Management – Tenaska Virginia Generating Statio – Combined Cycle Journal

Management – Tenaska Virginia Generating Statio

Sustainability: Leadership and the triple bottom line

Tenaska Virginia Generating Station
Tenaska Virginia Partners LP

885-MW, gas-fired, 3 × 1 combined cycle located in Scottsville, Va
Plant manager: Robert Mayfield
Key project participants: Sam Graham, maintenance manager Donnie Scott, operations manager


The challenges of the 21st century are requiring powerplants to fundamentally change the way they operate. Issues such as environmental regulations, competitive advantage, smart grid development, and stricter NERC and governmental requirements are hitting powerplants head on and demanding that attention be paid to aspects of the business beyond quarterly financial results.


The concept of sustainability addresses all aspects of an organization, including innovation and creativity, where organizations figure out ways for protecting the environment, supporting local issues, and increasing stakeholder engagement, as well as creating a dialog with community partners, suppliers, and customers. The framework to help operate within this sustainability vision is the triple bottom line (TBL) which focuses on people, community, and the environment.

1. Human capital. The facility (TVGS) values human capital because it recognizes that people are assets. The sustainability of the facility’s competitiveness is a renewed effort in how talent is used and leveraged. Learning organizations mitigate future labor and skills shortages in two ways:

  • Employees expect organizations to invest in their professional development, thereby enhancing their “employability” within the company or in the job market.
  • To address labor and skills shortages, organizations must “grow their own” expertise by providing employees opportunities, both on and off the job, to raise their skill level. TVGS created a succession plan starting with a proactive evaluation of the critical workforce capabilities needed over the next few years.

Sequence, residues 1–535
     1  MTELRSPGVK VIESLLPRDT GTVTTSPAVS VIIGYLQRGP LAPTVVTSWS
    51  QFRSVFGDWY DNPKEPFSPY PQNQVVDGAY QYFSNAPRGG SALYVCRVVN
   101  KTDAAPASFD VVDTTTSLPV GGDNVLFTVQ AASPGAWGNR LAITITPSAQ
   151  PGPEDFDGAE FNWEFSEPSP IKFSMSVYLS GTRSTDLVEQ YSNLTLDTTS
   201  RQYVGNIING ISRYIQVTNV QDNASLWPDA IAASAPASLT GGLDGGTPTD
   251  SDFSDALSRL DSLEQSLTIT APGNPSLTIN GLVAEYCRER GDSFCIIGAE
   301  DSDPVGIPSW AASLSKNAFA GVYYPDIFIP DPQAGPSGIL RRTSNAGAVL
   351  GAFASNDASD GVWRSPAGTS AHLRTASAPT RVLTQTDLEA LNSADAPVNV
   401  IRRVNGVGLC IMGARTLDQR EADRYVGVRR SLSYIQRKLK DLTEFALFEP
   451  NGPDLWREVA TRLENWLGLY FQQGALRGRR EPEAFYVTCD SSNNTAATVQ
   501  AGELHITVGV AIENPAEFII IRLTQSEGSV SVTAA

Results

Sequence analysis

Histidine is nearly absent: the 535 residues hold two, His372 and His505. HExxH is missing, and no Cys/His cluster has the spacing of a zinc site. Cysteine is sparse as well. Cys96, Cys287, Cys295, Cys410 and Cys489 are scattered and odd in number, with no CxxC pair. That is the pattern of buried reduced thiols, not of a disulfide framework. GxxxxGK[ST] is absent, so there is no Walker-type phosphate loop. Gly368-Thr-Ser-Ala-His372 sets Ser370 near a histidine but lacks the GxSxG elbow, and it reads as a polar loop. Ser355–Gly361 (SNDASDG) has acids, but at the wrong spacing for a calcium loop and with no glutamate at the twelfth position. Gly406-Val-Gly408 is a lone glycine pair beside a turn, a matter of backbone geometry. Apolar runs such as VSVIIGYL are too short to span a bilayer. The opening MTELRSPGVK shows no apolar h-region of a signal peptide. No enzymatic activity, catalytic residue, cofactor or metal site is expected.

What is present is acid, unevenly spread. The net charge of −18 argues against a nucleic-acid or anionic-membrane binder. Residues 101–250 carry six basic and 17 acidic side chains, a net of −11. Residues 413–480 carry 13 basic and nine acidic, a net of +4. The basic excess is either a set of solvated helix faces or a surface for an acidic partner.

It incorporated a blended learning methodology consisting of a mix of training elements to achieve a high level of employee training and competency based upon site- and position-specific criteria from the facility’s qualification standards manual.These elements consist of traditional lecture and seminar training, web-based training, on-the-job training, practical-factors demonstration, observed evolutions, systems operations, and performance demonstrations. By sharing industry best practices, TVGS developed a cost-saving program; attained zero personnel safety incidents or personnel lost time; improved environmental performance, operational efficiency, and availability; and developed an ergonomics program.

2. Community. During the holiday season, employees and spouses donate time and money shopping for toys and clothing for at least 80 county children and elderly. The company matches the employees’ monetary donations. Employees continuously donate food to the local food bank. The facility has sponsored quarterly food drives feeding at least 500 guests at a local church. Easter baskets were delivered to 20 children; 15 foster children were given birthday cards and ice cream certificates. An education-facility partnership was established to provide math tutoring, reading, mentoring, science expo judges, sport teams sponsorships, facility tours, spelling bees, career fairs, Commonwealth scholar instructors, and more. During the United Way’s Day of Caring employees painted areas around the local middle school.

3. Eco-environmental. The facility established a steering committee to focus the facility’s sustainability commitment and quantify the impacts on multiple stakeholders. Three years ago, TVGS started to collect and donate used cell phones for the Cell Phones for Soldiers charity. Over 300 cell phones have been donated from within the facility, company, and the community to be exchanged for calling cards to be used by our soldiers overseas.

An eco-environmental program was started to minimize waste to the environment. Aluminum cans and newspapers are collected and donated to local youth groups. Recycled paper is used in the printer, and the printer default setting was changed to print on double-sided paper. Plastic utensils and cups are rarely used, having been replaced with refillable water bottles or porcelain cups. Magazines are read online rather than being delivered to the facility. Junk-mail senders are notified not to send via ground mail. Smart power strips are installed on personal computers and turned off at the end-of-the workday. Office lights are also turned off when not occupied.


Leadership and the triple bottom line are not awards, accreditations, or certifications you can achieve: it’s an ongoing process that helps us keep on track towards running a greener business, treating people right, and demonstrates to the community at large that we are working for a greater common good.

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